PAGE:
Wannacry: what you need to know about this global ransomware attack

On Friday, a ransomware worm dubbed WannaCry or Wanacrypt 2.0 exponentially spread. At the end of the day, dozens of affected countries and tens of thousands of infections were mentioned. This article aims to aggregate several news sources. If you’re new to Wanacrypt, it aims to have the relevant information to date.

First things first:

Are you afraid of infection? These steps first:

  1. Patch. In principle, if you’re patched, you won’t get infected. Go here for more information: MS17-010: Security update for Windows SMB Server: March 14, 20. Microsoft has release a patch even for out-of support Windows XP here: http://download.windowsupdate.com/d/csa/csa/secu/2017/02/windowsxp-kb4012598-x86-custom-enu_eceb7d5023bbb23c0dc633e46b9c2f14fa6ee9dd.exe
  2. If you can’t or won’t patch, disable SMB v1: https://support.microsoft.com/en-us/help/2696547/how-to-enable-and-disable-smbv1,-smbv2,-and-smbv3-in-windows-vista,-windows-server-2008,-windows-7,-windows-server-2008-r2,-windows-8,-and-windows-server-2012?utm_content=bufferf993c&utm_medium=social&utm_source=twitter.com&utm_campaign=buffer
  3. There seem to be some Snort rules available if you run an IDS here: https://pastebin.com/vp7st112

Are you already infected? These steps next:

  1. Isolate your infected machines
  2. Reinstall your infected machines
  3. Patch before connecting to the network
  4. Restore files to machines
  5. If you have no restore procedure, do not throw away your encrypted files. A fix may come within days or weeks, as it had in some cases in the past.

What’s this i hear about “kill switches”?

In the malware, there’s a condition a certain domain name must not resolve and answer for the malware to be detonated. The initial domain name was  dp9ifjaposdfjhgosurijfaewrwergwea.com. The good people from Malwaretechblog discovered this, registered the domain, and to their surprise, the malware wouldn’t work anymore, nowhere. The effect is however thought to be temporary.

We are following reports the malware is evolving with new kill switch domains, and likely there might be a version without a kill switch whatsoever. Approach the threat as if the kill switch doesn’t exist.

About the ransomware

WannaCry (or WannaCrypt, WanaCrypt0r 2.0, Wanna Decryptor) is a ransomware worm. It encrypts your files and holds them to ransom. For several days the ransom is around BTC 0.17 (300$), then ransom is increased. After a week files will be deleted. Encrypted files will have the  WCRY extension. It was found the malware has described “kill switch functionality”. Also there’s newer versions of Wannacry seen in the wild on Sunday, with new kill switch domains.

How it’s spreading

It’s spreading through the SMB protocol, typically used by windows machines to communicate. Version 1 of the protocol is vulnerable as described in MS17-010. Once there’s an infection in a network, the worm will search for other vulnerable machines and infect them too.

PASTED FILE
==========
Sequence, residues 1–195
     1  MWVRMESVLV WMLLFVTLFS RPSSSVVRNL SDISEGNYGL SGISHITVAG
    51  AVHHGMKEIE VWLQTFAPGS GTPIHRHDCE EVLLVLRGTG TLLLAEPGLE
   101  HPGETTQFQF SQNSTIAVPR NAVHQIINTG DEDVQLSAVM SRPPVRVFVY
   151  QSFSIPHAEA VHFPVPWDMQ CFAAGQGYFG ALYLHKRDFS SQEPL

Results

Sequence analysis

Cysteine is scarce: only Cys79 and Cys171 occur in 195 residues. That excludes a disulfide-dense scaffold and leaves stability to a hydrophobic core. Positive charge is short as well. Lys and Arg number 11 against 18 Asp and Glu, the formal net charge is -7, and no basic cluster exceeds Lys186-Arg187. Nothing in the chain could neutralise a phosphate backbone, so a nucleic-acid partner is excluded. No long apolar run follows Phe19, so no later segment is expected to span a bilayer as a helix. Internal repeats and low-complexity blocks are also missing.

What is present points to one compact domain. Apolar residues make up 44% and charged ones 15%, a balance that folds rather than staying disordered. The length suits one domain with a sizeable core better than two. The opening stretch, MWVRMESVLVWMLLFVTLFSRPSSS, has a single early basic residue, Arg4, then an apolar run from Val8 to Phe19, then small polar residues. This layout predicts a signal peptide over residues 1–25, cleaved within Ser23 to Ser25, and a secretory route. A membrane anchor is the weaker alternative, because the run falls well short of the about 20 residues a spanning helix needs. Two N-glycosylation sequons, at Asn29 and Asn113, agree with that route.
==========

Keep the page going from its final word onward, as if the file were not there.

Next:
An initial infection vector is being discussed in the communities. SMB is usually not internet facing so many think the campaign starts with a phishing e-mail, or a similar method. There’s been one report phishing mails are observed, many other researchers haven’t yet seen this.

Impact

Europol mentions on Sunday, there’s over 200,000 infected machines in 150 countries. A day earlier, around 75,000 were reported, and infections were concentrating on Russia. Hospitals have reported increased risk for patients, through events such as canceled operations. With the newer versions seen on Sunday, infosec & IT professionals brace for a new wave on monday morning.

Investigators have found three bitcoin adresses belonging to the criminals, and have counted the criminal earnings. These amounted to a little over 35,000 $ on Sunday. Find out here how much the criminals made so far: https://twitter.com/actual_ransom.

Wannacry is by no means the biggest threat ever, but my nature (using recent windows vulnerabilities) it targets organizations who set low priorities for IT security, such as hospitals. Historically, only a small percentage of victims pay up. The majority of the damages are in lost productivity or even lost revenue due to customers facing processes breaking.

Obviously, if you’re infected and don’t have up-to-date patch levels, your risk is high.

Is this NSA malware?

The vulnerability MS17-010 was disclosed by a group called Shadowbrokers last month. https://arstechnica.com/security/2017/04/nsa-leaking-shadow-brokers-just-dumped-its-most-damaging-release-yet/.This dump included zero days (vulnerability which have no patch available) which was criticized by some; they warned the dump could be used by criminals. The malware itself does not have any bearing on professional organisations like NSA, in fact some researchers called it amateurish.

All indications are the malware just uses a vulnerability previously used by the NSA, and disclosed by Shadowbrokers.

Who then is behind this?

We are working hard to protect customers and to “stop the bleeding” for others. In our experience, if the impact is high enough, more information behind the criminals will pop up sooner rather than later. We’ll share more news once we have it.

What now?

These types of attack change fast. Follow the news in your infosec community, or on twitter. Many Securelink customers are protected by default. If you are a customer and want to know more, call your SecureLink contact.

2017-05-15T09:46:43+00:00 May 14th, 2017|
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